THE RITUALS OF DINNER: THE ORIGINS, EVOLUTION, ECCENTRICITIES AND MEANING OF TABLE MANNERS By Margaret Visser (HarperCollins, 432 pages, $26.95)
An alternative title for Margaret Visser’s new book might be Everything You Always Wanted to Know About Table Manners (But Were Glad You Didn’t Ask). Indeed, much of The Rituals of Dinner is distinctly unappetizing. A follow-up to her acclaimed first excursion into food lore, Much Depends on Dinner (1986), Visser’s latest book opens with a detailed treatise on cannibalism practices among the Aztecs in 16th-century Mexico, the ancient Maoris in New Zealand and the ferocious Carib Indians of Brazil. According to Visser, “people have indeed been boiled in pots, and roasted by spit, rack or exposure to an open fire. They have also been steam-baked, cooked on preheated rocks and in
earth ovens, smoked, decomposed first, dried, powdered, preserved, stuffed into bamboo tubes and placed in the embers, their bones burned to ashes and stirred into many kinds of sauces, juices and mashes.” From there, the author moves to a lengthy discussion of the ritual sacrifice of animals and a discussion of the etiquette of vomiting.
Visser, who regularly explores the anthropology of everyday life in spots on CBC Radio’s Morningside and in columns for Saturday Night magazine, has in her new book managed to elevate table manners into a matter of cosmic importance. A fundamental principle running through all societies, she argues, is the sense that a meal “evolves and progresses in an orderly fashion, tells a tale, symbolizes life, society, the cosmos, paradise.” Visser moves briskly from Victorian dining rooms to prerevolutionary Chinese banquets to Sunday dinners in rural Canada. Her culinary tour proceeds in a disarming if somewhat disorderly
fashion that is reminiscent of the conversation at a chaotic family dinner.
The book is organized around two central chapters that examine the formal dinner party. As the event progresses, from the ritual crossing of the threshold until the final morsel of dessert disappears, Visser examines the origins and meanings of details that most people take for granted. On why candles are a mainstay at formal dinners, she writes: “For millennia, we sat round a fire to eat, and fires remain for us symbolic of the group which gathers round for light and warmth.” She covers such topics as the use of table linens and observes that “napkins, in our culture, are to be kept clean—a wholly unreasonable requirement in view of the purpose for which napkins were designed in the first place.”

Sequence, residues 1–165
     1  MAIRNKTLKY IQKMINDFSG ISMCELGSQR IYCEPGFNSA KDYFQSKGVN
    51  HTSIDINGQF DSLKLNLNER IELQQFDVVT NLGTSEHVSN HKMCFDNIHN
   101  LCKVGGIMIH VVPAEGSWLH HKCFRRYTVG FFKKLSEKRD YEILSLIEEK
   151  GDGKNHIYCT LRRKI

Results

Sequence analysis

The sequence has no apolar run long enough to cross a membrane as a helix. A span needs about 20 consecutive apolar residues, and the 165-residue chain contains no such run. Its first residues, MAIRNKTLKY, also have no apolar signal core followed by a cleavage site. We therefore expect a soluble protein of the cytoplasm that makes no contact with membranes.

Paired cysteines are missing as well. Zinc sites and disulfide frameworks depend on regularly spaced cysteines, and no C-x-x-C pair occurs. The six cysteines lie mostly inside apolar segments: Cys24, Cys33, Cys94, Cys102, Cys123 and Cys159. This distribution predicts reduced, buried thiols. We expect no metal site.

Other sections of the book explore the formalities of meals in other cultures and eras. In some societies, people did not use napkins at all—they wiped their hands in their hair. But the Flathead Indians of Montana, Visser writes, thought that it was rude to do so if they had been eating fish. She outlines the elaborate etiquette surrounding the use of Japanese chopsticks, which decrees that diners must never lick or bite them. Only one mouthful of rice is to be taken between every two bites of meat, fish or vegetables. And mannerly diners never “fish about” for choice morsels.
Visser’s observations on eating aboard airplanes are particularly apt and amusing. Writes the author: “Manners, here, impose passivity and constraint; ornamentation is taken care of by the oddity of our being served dinner at all in such circumstances. There is no question of argument, and only very limited choice. Airline passengers are extraordinarily docile and uncomplaining. They give up space and ceremony, believing that this is only fair since they are
gaining time and ought to be grateful for safety.”
Visser’s wide-ranging study also explores the impact of religion and superstition on manners. The book contains explanations of the rites associated with Passover and with the
Eucharist, an event she calls “undoubtedly the most significance-charged dinner ritual ever devised.” And she describes the 19th-century Parisian phenomenon of “fourteenths”—hired men who “waited at home between 5 and 9 p.m. every night all dressed up and ready to step into the breach where any dinner party threatened suddenly to number 13.”
The Rituals of Dinner is full of fascinating tidbits that taken alone are fun and provocative. At one point, Visser reminds diners that anyone who wears perfume at a gourmet dinner “has no idea how to behave—perfume fights the bouquet of the wine.” But consumed in one sitting, the book reads like an elaborate and chaotic menu that, instead of tantalizing, actually curbs the appetite with the sheer volume of material. And although Visser’s prose is light and accessible, her claims are at times grandiose. The notion that candles are refined bonfires is persuasive, but when she goes on to say that they represent “spans of time for us: a lifetime, with the flame as life itself, fragile but still alight,” she pushes their cosmic significance too far. Still, much of the book is delightfully colorful and concrete. Visser offers an anecdote about a Canadian waitress who, while serving a member of the Royal Family, advised: “Keep your fork, Duke, there’s pie.” The story underscores Miss Manners’s declaration that “forks are not that difficult.” Figuring out the cosmos is.
The story you want is part of the Maclean’s Archives. To access it, log in here or sign up for your free 30-day trial.
Experience anything and everything Maclean's has ever published — over 3,500 issues and 150,000 articles, images and advertisements — since 1905. Browse on your own, or explore our curated collections and timely recommendations.WATCH THIS VIDEO for highlights of everything the Maclean's Archives has to offer.